12.
Artigo em Inglês | MEDLINE | ID: mdl-30199657

RESUMO

RATIONALE: Omega-3 poly-unsaturated fatty acids (n-3 PUFAs) have anti-inflammatory properties that could benefit adults with comprised pulmonary health. OBJECTIVE: To investigate n-3 PUFA associations with spirometric measures of pulmonary function tests (PFTs) and determine underlying genetic susceptibility. METHODS: Associations of n-3 PUFA biomarkers (alpha-linolenic acid, eicosapentaenoic acid, docosapentaenoic acid [DPA], and docosahexaenoic acid [DHA]) were evaluated with PFTs (forced expiratory volume in the first second [FEV1], forced vital capacity [FVC], and [FEV1/FVC]) in meta-analyses across seven cohorts from the Cohorts for Heart and Aging Research in Genomic Epidemiology Consortium (N=16,134 of European or African ancestry). PFT-associated n-3 PUFAs were carried forward to genome-wide interaction analyses in the four largest cohorts (N=11,962) and replicated in one cohort (N=1,687). Cohort-specific results were combined using joint 2 degree-of-freedom (2df) meta-analyses of single nucleotide polymorphism (SNP) associations and their interactions with n-3 PUFAs. RESULTS: DPA and DHA were positively associated with FEV1 and FVC (P<0.025), with evidence for effect modification by smoking and by sex. Genome-wide analyses identified a novel association of rs11693320-an intronic DPP10 SNP-with FVC when incorporating an interaction with DHA, and the finding was replicated (P2df=9.4×10-9 across discovery and replication cohorts). The rs11693320-A allele (frequency~80%) was associated with lower FVC (PSNP=2.1×10-9; ßSNP= -161.0mL), and the association was attenuated by higher DHA levels (PSNP×DHA interaction=2.1×10-7; ßSNP×DHA interaction=36.2mL). CONCLUSIONS: We corroborated beneficial effects of n-3 PUFAs on pulmonary function. By modeling genome-wide n-3 PUFA interactions, we identified a novel DPP10 SNP association with FVC that was not detectable in much larger studies ignoring this interaction.

13.
Br J Nutr ; 120(10): 1159-1170, 2018 Nov.
Artigo em Inglês | MEDLINE | ID: mdl-30205856

RESUMO

The role that vitamin D plays in pulmonary function remains uncertain. Epidemiological studies reported mixed findings for serum 25-hydroxyvitamin D (25(OH)D)-pulmonary function association. We conducted the largest cross-sectional meta-analysis of the 25(OH)D-pulmonary function association to date, based on nine European ancestry (EA) cohorts (n 22 838) and five African ancestry (AA) cohorts (n 4290) in the Cohorts for Heart and Aging Research in Genomic Epidemiology Consortium. Data were analysed using linear models by cohort and ancestry. Effect modification by smoking status (current/former/never) was tested. Results were combined using fixed-effects meta-analysis. Mean serum 25(OH)D was 68 (sd 29) nmol/l for EA and 49 (sd 21) nmol/l for AA. For each 1 nmol/l higher 25(OH)D, forced expiratory volume in the 1st second (FEV1) was higher by 1·1 ml in EA (95 % CI 0·9, 1·3; P<0·0001) and 1·8 ml (95 % CI 1·1, 2·5; P<0·0001) in AA (P race difference=0·06), and forced vital capacity (FVC) was higher by 1·3 ml in EA (95 % CI 1·0, 1·6; P<0·0001) and 1·5 ml (95 % CI 0·8, 2·3; P=0·0001) in AA (P race difference=0·56). Among EA, the 25(OH)D-FVC association was stronger in smokers: per 1 nmol/l higher 25(OH)D, FVC was higher by 1·7 ml (95 % CI 1·1, 2·3) for current smokers and 1·7 ml (95 % CI 1·2, 2·1) for former smokers, compared with 0·8 ml (95 % CI 0·4, 1·2) for never smokers. In summary, the 25(OH)D associations with FEV1 and FVC were positive in both ancestries. In EA, a stronger association was observed for smokers compared with never smokers, which supports the importance of vitamin D in vulnerable populations.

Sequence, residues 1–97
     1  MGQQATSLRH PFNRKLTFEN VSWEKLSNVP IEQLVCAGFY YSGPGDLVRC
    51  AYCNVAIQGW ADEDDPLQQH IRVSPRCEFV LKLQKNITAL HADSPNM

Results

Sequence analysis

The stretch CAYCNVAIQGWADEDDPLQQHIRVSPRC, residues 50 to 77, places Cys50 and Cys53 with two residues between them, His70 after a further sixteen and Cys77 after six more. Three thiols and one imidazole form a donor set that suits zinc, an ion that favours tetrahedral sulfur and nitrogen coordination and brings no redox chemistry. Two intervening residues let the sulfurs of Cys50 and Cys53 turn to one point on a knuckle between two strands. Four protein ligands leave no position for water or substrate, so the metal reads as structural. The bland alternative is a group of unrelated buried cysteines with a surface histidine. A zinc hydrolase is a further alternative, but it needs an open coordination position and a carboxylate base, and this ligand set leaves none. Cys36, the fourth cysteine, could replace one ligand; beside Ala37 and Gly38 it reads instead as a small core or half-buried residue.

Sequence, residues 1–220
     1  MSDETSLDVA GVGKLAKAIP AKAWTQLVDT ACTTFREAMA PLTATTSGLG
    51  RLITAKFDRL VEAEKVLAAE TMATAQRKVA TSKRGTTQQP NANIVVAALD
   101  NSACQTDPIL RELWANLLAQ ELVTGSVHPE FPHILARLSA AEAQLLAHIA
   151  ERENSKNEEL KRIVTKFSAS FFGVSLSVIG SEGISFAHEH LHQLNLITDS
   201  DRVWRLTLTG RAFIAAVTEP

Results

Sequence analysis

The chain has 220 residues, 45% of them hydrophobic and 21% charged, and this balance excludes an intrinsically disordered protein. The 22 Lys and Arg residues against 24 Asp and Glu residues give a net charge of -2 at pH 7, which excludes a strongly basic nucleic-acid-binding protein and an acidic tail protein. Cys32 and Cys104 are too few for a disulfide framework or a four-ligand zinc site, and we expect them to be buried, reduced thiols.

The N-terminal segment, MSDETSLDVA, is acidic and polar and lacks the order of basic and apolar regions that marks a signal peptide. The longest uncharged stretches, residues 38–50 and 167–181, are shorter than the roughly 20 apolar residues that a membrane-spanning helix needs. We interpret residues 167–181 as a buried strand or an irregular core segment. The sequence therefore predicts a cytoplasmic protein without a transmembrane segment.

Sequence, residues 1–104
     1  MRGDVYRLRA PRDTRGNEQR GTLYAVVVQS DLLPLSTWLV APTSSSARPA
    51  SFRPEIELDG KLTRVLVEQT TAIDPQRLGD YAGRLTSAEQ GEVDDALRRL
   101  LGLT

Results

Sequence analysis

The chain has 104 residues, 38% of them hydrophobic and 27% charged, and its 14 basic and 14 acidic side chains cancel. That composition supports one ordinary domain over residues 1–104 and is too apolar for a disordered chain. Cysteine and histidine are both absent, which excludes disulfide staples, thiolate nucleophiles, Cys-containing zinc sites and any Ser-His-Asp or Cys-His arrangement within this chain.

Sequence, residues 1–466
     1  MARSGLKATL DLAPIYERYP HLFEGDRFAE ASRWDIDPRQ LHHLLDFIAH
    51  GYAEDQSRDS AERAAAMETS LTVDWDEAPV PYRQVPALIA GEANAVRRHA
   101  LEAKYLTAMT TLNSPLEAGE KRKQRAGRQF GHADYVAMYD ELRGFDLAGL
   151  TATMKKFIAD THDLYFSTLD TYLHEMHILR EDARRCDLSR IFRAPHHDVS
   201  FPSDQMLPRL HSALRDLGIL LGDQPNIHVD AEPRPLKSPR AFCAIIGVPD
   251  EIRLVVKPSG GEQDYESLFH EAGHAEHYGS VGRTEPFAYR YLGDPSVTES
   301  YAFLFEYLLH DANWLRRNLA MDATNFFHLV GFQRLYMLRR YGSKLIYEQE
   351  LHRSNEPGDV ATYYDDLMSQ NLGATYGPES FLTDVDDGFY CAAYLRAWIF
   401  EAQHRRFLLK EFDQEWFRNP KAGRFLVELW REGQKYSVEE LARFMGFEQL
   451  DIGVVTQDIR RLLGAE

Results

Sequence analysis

14.
Nat Commun ; 9(1): 3686, 2018 09 11.
Artigo em Inglês | MEDLINE | ID: mdl-30206230

RESUMO

There is no agnostic GWAS evidence for the genetic control of IL-1ß expression in periodontal disease. Here we report a GWAS for "high" gingival crevicular fluid IL-1ß expression among 4910 European-American adults and identify association signals in the IL37 locus. rs3811046 at this locus (p = 3.3 × 10-22) is associated with severe chronic periodontitis (OR = 1.50; 95% CI = 1.12-2.00), 10-year incident tooth loss (≥3 teeth: RR = 1.33; 95% CI = 1.09-1.62) and aggressive periodontitis (OR = 1.12; 95% CI = 1.01-1.26) in an independent sample of 4927 German/Dutch adults. The minor allele at rs3811046 is associated with increased expression of IL-1ß in periodontal tissue. In RAW macrophages, PBMCs and transgenic mice, the IL37 variant increases expression of IL-1ß and IL-6, inducing more severe periodontal disease, while IL-37 protein production is impaired and shows reduced cleavage by caspase-1. A second variant in the IL37 locus (rs2708943, p = 4.2 × 10-7) associates with attenuated IL37 mRNA expression. Overall, we demonstrate that IL37 variants modulate the inflammatory cascade in periodontal disease.

15.
BMC Genet ; 19(Suppl 1): 69, 2018 Sep 17.
Artigo em Inglês | MEDLINE | ID: mdl-30255772

RESUMO